What Would Overthrowing Mursi Actually Mean? Playing With An Extremely Dangerous Card


28 December 2012

By Dr. Hamad Al-Majid

Is the fierce campaign being launched by the "remnants alliance" seeking to topple President Mursi?

The answer is yes. Implicit and explicit statements issued by the alliance's symbols have been reported by media outlets, and we are not talking about secret leaks from closed meetings. For example, let us consider what ElBaradei meant when he said the regime has lost its legitimacy.

Before I proceed any further, I would like to point out that when I use the term "remnants alliance" I do not only mean the remnants of the former regime and Mubarak's inner circle such as Ahmed Ezz, Ahmad Fathi Sorour, Safwat El-Sherif or Ahmed Shafik. Rather, I also mean anyone who ever used the regime, its mechanisms and individuals as a shield from opponents, and anyone who benefitted from it politically, economically or ideologically.

The remnants alliance is currently fooling people into thinking that the mass mobility on the Egyptian street stems from President Mursi's temporary constitutional decrees, even though they will be invalid in a few days after the Egyptian people endorse the constitution by means of a fair and democratic vote. In fact, the impartial and well-organized nature of the referendum can already be seen in the marginal difference between those who have voted yes and those who have voted no. It is hard to believe that the remnants alliance is inciting its supporters in front of the presidential palace (a dangerous and far from innocent act) simply because of two or three articles in the constitution. Everyone is well aware that key figures within this alliance participated in the drafting of the constitution over six months, yet all of a sudden the whole group decided to withdraw in order to spark off a crisis that the country is yet to recover from. This is the very same tactic used by the Egyptian security services during the million man marches in Tahrir Square, which sought to overthrow the Mubarak regime. At that time policemen would suddenly withdraw from the Egyptian street in order to create a security vacuum that would delude the Egyptian people into thinking that the bleariness of the Mubarak regime would be better than the blindness of the revolution.

Here a key question must be asked: Is the remnants alliance aware of the consequences of its attempts to topple President Mursi? The movement has insisted on staging demonstrations in front of the presidential palace, with some protestors climbing the outer walls without a word of condemnation. Furthermore, the remnants alliance failed to issue any form of denouncement when twenty five headquarters of the Muslim Brotherhood and the Freedom and Justice Party were burned down. Thus the answer to my above question is "no" because partisan maneuvers have blinded this alliance, and now it fails to see the gravity of its actions.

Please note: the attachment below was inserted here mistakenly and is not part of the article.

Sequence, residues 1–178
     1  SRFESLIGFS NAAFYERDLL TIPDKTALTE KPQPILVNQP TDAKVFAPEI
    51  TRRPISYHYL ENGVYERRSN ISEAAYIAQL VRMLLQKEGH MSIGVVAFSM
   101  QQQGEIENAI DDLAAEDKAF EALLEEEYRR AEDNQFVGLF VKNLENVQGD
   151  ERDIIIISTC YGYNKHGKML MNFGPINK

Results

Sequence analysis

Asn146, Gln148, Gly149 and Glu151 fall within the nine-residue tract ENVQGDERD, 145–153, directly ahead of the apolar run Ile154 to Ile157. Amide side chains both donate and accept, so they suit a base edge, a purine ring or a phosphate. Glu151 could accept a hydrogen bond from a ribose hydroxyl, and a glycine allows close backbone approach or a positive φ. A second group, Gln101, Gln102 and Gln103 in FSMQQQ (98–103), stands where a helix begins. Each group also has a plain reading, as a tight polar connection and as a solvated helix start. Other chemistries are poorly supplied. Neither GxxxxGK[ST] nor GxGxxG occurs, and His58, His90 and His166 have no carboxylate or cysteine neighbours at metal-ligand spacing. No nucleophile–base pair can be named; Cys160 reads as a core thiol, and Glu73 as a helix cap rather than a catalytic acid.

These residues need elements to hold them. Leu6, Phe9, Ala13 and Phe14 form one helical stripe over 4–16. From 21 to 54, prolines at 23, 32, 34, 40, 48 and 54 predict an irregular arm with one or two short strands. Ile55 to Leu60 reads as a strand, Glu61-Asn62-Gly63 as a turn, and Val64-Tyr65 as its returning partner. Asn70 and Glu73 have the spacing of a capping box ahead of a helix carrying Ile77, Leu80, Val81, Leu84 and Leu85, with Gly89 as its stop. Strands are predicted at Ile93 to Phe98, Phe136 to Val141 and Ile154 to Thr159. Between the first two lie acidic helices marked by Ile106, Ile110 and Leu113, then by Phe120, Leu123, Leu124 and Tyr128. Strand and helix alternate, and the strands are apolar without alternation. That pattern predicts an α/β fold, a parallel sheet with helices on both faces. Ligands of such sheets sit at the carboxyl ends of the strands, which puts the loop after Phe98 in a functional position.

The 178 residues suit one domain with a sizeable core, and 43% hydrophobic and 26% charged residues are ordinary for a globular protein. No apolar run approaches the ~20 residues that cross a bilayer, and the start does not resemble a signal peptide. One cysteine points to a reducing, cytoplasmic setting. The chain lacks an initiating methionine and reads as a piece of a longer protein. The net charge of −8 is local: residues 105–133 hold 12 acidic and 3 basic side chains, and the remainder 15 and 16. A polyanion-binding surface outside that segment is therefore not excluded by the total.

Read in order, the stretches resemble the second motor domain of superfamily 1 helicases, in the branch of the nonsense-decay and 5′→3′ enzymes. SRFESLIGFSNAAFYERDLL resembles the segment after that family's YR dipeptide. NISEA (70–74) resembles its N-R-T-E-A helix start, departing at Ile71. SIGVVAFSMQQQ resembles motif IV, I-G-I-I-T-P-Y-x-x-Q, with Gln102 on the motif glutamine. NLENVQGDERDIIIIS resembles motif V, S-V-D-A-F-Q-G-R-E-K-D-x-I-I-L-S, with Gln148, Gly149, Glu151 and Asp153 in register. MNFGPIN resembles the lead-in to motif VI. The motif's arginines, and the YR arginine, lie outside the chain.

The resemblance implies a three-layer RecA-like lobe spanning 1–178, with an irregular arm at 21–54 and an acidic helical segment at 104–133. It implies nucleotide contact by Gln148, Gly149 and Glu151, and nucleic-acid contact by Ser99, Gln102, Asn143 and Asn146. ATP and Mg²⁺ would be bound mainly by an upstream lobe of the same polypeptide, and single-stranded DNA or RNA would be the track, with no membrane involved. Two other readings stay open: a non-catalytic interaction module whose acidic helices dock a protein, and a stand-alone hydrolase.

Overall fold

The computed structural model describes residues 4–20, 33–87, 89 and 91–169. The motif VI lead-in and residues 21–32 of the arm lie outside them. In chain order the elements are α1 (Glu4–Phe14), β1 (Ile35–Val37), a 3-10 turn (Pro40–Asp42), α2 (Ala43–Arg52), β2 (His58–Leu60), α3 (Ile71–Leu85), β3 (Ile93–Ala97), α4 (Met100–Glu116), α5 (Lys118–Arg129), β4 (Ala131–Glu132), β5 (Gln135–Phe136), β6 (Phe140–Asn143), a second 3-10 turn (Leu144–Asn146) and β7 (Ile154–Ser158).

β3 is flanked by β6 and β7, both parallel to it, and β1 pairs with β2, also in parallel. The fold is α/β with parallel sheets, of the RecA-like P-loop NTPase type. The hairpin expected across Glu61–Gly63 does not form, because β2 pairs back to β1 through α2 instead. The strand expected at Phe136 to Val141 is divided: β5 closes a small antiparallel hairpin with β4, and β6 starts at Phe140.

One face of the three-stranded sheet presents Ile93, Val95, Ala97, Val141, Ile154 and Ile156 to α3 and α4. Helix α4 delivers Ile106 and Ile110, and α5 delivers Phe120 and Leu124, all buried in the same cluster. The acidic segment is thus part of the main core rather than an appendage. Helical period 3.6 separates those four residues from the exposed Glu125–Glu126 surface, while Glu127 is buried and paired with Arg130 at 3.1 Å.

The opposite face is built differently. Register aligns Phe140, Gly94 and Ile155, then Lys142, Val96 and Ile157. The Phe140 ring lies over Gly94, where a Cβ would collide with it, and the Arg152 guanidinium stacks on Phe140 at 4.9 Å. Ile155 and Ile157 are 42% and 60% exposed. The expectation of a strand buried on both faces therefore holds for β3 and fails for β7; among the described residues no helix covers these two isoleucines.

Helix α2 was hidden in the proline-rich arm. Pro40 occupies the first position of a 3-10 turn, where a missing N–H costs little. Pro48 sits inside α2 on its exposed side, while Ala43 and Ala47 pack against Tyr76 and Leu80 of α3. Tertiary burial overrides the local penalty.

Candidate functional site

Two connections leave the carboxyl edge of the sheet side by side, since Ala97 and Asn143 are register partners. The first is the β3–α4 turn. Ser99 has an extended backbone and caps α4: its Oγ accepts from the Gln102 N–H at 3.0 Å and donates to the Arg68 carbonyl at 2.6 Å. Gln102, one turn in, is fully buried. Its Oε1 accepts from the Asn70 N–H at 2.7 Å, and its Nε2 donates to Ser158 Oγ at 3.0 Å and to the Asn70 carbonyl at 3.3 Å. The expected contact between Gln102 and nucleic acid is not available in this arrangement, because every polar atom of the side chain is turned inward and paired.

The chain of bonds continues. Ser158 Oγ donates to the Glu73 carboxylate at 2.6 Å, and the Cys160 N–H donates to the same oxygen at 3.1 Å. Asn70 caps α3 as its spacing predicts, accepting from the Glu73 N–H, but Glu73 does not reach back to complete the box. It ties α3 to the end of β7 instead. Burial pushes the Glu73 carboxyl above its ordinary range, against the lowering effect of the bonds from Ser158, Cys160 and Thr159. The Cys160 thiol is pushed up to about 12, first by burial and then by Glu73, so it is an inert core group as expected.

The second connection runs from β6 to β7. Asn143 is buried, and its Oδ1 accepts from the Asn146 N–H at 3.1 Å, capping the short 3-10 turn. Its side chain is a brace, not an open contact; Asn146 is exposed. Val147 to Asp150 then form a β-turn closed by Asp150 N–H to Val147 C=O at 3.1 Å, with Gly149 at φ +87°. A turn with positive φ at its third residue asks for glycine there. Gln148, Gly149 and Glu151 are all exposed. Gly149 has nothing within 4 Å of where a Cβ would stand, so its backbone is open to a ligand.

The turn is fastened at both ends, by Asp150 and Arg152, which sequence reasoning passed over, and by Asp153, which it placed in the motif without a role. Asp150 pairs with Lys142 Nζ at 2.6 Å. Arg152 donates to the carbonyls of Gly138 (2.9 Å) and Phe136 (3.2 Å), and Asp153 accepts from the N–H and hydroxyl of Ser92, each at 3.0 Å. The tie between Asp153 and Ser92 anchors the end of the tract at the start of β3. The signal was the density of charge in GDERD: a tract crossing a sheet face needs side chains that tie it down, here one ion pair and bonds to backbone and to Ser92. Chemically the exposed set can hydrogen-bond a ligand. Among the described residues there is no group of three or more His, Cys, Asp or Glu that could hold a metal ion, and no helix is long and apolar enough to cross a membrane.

Let us suppose that the remnants alliance, by provoking and escalating Egypt's crises, was eventually successful in toppling President Mursi. Then Egypt would lose its bet on integrating the peaceful Islamist movements, whether Brotherhood or Salafi affiliates, into the democratic process. In fact, this integration has already reached a degree whereby the Salafi current has accepted the democratic process and voted on constitutional articles, something that would have been considered blasphemous in the past. Furthermore, overthrowing the president would pave the way for the rise of extremist currents such as al-Qaeda and others. If this were to happen it would have a greater impact on Brotherhood and Salafi youths, for the overwhelming sense of despair and frustration would push them towards violence as a means of achieving change. Without a doubt, Egypt would then experience a rapid deterioration and a potential civil war that could wreak havoc. And as we all know, if Egypt sneezes other Arab states soon catch the cold.

The former Salafi presidential candidate Hazem Abu Ismail recently warned that if demonstrators stormed the presidential palace then the Islamists would declare an Islamic revolution from the Maspero. Here we can see how the state of frustration in Egypt has influenced this elderly figure, whose group until recently considered the revolution against the Mubarak regime to be illegitimate, so we can only imagine the reaction of more fervent and zealous youths! The remnants alliance must realize that by seeking to overthrow an elected president it is playing with an extremely dangerous card.

Dr. Hamad Al-Majid is a journalist and former member of the official Saudi National Organization for Human Rights. Al-Majid is a graduate of Imam Muhammad Bin Saud Islamic University in Riyadh and holds an M.A. from California and a Doctorate from the University of Hull in the United Kingdom.

 

  EsinIslam.Com

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